About me
Archive
About me

Review: Dirty Work by Gabriel Weston

Dirty Work describes the “Fitness to Practice” investigation into the work of Nancy, a registrar in obstetrics and gynaecology. The investigation is triggered by an operation which goes wrong, and Nancy’s inability to deal with the situation.
The author, Gabriel Weston, is an ENT surgeon, and so is possessed of some insight into how these things work. She also has a remarkable talent for describing aspects of medical life in ways that are both accurate and poetic.

A good doctor needs to know how to spin a yarn. That’s what they teach you at medical school, though no one ever says in in so many words. They prefer to give it a safe sort of name, the powers that be. The call it history-taking, this supposedly natural process in which a patient and doctor collaborate to weave a shape out of what’s gone wrong. They make its sound straightforward. And to the patient it probably feels that way. In reality, though, the competent clinical inquisitor is all the while asserting their own semantic frame, encouraging the patient to dwell on key symptoms, ignoring the white noise of emotion, veering away from anything that has no pathological meaning, doing what is necessary to help a diagnosis emerge. The doctor is rewriting the patient’s story while seeming only to bear witness to it.

If there’s part of that which sounds a little uncaring, perhaps a little too direct, fear not. An epiphany is coming…

I began to see that the words a patient uttered were not always what counted most; that there might be a more important meaning beyond what was being said, a contrary melody, if only I could train my ear to hear it.

This short novel has more characterisation than plot, which feels right for the story it is discussing. It also has a good deal of tension, uncertainty, and occasional confusion.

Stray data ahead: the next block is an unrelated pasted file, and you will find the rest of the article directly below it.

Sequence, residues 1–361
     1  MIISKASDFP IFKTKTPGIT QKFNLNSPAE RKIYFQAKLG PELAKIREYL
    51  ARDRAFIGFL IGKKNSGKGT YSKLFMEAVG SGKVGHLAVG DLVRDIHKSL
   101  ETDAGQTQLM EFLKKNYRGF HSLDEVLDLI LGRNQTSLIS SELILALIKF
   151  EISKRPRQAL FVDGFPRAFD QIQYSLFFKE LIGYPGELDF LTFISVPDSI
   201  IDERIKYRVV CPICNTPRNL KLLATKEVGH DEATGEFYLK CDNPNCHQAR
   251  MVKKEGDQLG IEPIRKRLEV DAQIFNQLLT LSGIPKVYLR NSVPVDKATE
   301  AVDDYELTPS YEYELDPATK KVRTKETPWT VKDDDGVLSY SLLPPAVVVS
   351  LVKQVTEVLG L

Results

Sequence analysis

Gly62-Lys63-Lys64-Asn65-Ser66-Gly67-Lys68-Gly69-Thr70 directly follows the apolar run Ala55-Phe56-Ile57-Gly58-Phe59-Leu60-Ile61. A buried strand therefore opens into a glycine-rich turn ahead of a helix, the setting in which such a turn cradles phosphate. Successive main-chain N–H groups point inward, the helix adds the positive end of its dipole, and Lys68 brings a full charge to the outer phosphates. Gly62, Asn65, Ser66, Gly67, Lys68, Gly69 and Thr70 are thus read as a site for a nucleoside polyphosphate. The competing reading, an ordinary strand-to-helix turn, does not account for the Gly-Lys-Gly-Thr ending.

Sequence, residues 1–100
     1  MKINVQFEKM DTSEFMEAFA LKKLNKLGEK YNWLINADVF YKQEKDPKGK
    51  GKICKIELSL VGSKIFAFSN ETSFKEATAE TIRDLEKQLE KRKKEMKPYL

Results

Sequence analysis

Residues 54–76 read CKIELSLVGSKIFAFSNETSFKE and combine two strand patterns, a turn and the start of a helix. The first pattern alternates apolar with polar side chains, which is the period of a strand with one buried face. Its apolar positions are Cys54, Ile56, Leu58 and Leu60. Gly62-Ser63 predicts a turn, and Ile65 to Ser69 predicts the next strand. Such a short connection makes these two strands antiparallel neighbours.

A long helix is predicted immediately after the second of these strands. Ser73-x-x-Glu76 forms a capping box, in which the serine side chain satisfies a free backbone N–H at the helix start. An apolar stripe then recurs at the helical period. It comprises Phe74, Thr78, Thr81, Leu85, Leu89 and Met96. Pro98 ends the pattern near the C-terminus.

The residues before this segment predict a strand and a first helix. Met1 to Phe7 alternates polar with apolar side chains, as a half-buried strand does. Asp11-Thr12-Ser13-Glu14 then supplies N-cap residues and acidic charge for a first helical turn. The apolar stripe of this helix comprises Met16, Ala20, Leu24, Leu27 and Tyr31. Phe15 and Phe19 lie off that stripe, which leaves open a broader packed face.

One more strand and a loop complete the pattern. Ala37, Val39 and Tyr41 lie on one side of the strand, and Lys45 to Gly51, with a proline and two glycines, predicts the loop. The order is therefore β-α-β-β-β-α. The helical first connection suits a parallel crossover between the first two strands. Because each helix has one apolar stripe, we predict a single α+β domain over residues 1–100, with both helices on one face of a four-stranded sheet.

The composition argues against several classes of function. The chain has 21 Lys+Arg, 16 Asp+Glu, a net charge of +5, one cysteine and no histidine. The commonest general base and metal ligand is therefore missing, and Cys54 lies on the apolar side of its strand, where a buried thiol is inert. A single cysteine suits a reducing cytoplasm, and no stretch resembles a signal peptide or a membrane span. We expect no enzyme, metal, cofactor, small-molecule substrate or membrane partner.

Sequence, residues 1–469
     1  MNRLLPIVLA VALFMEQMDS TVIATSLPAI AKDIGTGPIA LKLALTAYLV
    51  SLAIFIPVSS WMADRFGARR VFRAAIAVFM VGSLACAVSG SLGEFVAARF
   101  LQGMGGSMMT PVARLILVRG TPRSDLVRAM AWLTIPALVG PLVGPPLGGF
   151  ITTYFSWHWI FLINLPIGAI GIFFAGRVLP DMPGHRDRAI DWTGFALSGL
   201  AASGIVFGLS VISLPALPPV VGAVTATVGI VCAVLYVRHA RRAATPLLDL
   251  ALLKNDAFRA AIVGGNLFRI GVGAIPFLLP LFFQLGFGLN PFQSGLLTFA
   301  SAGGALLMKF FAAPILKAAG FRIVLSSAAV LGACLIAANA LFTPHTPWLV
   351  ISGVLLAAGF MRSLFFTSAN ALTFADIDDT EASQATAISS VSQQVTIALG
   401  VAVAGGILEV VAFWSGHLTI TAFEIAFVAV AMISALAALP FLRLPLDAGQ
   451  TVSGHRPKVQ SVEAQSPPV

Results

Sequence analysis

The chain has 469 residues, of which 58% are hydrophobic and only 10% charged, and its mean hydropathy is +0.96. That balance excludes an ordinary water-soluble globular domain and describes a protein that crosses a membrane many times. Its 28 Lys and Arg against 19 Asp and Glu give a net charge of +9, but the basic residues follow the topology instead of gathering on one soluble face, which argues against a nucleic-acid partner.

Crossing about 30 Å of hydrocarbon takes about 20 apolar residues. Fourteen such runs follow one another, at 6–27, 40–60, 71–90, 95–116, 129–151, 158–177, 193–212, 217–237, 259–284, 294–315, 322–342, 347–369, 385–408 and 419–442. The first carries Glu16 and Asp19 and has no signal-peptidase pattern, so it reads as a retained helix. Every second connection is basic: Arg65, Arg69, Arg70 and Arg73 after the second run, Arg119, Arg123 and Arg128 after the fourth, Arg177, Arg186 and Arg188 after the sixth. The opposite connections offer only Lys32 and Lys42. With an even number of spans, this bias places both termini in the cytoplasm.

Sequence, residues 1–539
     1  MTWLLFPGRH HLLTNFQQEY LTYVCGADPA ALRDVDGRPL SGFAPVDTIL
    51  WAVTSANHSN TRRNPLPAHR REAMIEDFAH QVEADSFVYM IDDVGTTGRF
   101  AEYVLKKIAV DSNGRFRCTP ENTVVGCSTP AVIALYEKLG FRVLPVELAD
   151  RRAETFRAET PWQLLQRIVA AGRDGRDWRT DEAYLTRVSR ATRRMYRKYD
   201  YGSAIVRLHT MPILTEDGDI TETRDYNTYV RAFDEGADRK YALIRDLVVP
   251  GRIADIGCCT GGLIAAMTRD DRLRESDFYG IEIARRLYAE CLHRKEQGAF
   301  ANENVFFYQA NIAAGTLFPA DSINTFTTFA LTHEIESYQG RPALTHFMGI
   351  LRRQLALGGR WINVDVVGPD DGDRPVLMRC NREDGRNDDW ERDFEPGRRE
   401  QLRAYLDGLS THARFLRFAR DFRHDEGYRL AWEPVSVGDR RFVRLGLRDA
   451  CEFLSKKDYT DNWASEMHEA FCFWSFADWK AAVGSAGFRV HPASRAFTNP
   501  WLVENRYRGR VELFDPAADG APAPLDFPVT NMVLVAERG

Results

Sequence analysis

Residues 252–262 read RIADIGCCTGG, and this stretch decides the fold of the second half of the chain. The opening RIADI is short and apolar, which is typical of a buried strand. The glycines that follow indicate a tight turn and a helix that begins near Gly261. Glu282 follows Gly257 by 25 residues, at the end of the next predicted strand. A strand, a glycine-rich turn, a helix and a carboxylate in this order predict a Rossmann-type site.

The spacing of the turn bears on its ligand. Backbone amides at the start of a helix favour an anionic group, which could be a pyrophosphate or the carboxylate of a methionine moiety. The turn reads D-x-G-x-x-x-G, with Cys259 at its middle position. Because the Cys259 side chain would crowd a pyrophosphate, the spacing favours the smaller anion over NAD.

The work which most affects the protagonist, and the operation in which she makes her mistake, is the provision of surgical abortions. I think this is a shame. There is little in the content of the book that is specific to abortion-related work, and I think it would almost have been more interesting to explore the pressure on Nancy if she were the provider of any other kind of surgery. The subject of abortion – for better or worse – carries a lot of baggage. Weston doesn’t moralise, but the occasional graphic descriptions of the work Nancy carries out weigh, I think, unduly heavily on the mind of the reader. This becomes a novel about the psychological impact of abortion provision, and the myriad other pressures on Nancy are comparatively minimised.

This minimisation feels a bit unfortunate because it removes the focus from Weston’s talent for describing the universal fears and pressures weighing on all doctors, which are less frequently discussed and so possibly more interesting than the specifics of the pressures of an individual line of work:

How on earth will I manage if I am erased, removed, struck off the medical register? I will lose my entire frame of reference. And what would I have to replace it? What is a doctor, if not a doctor? That that title away and there may be very little left over.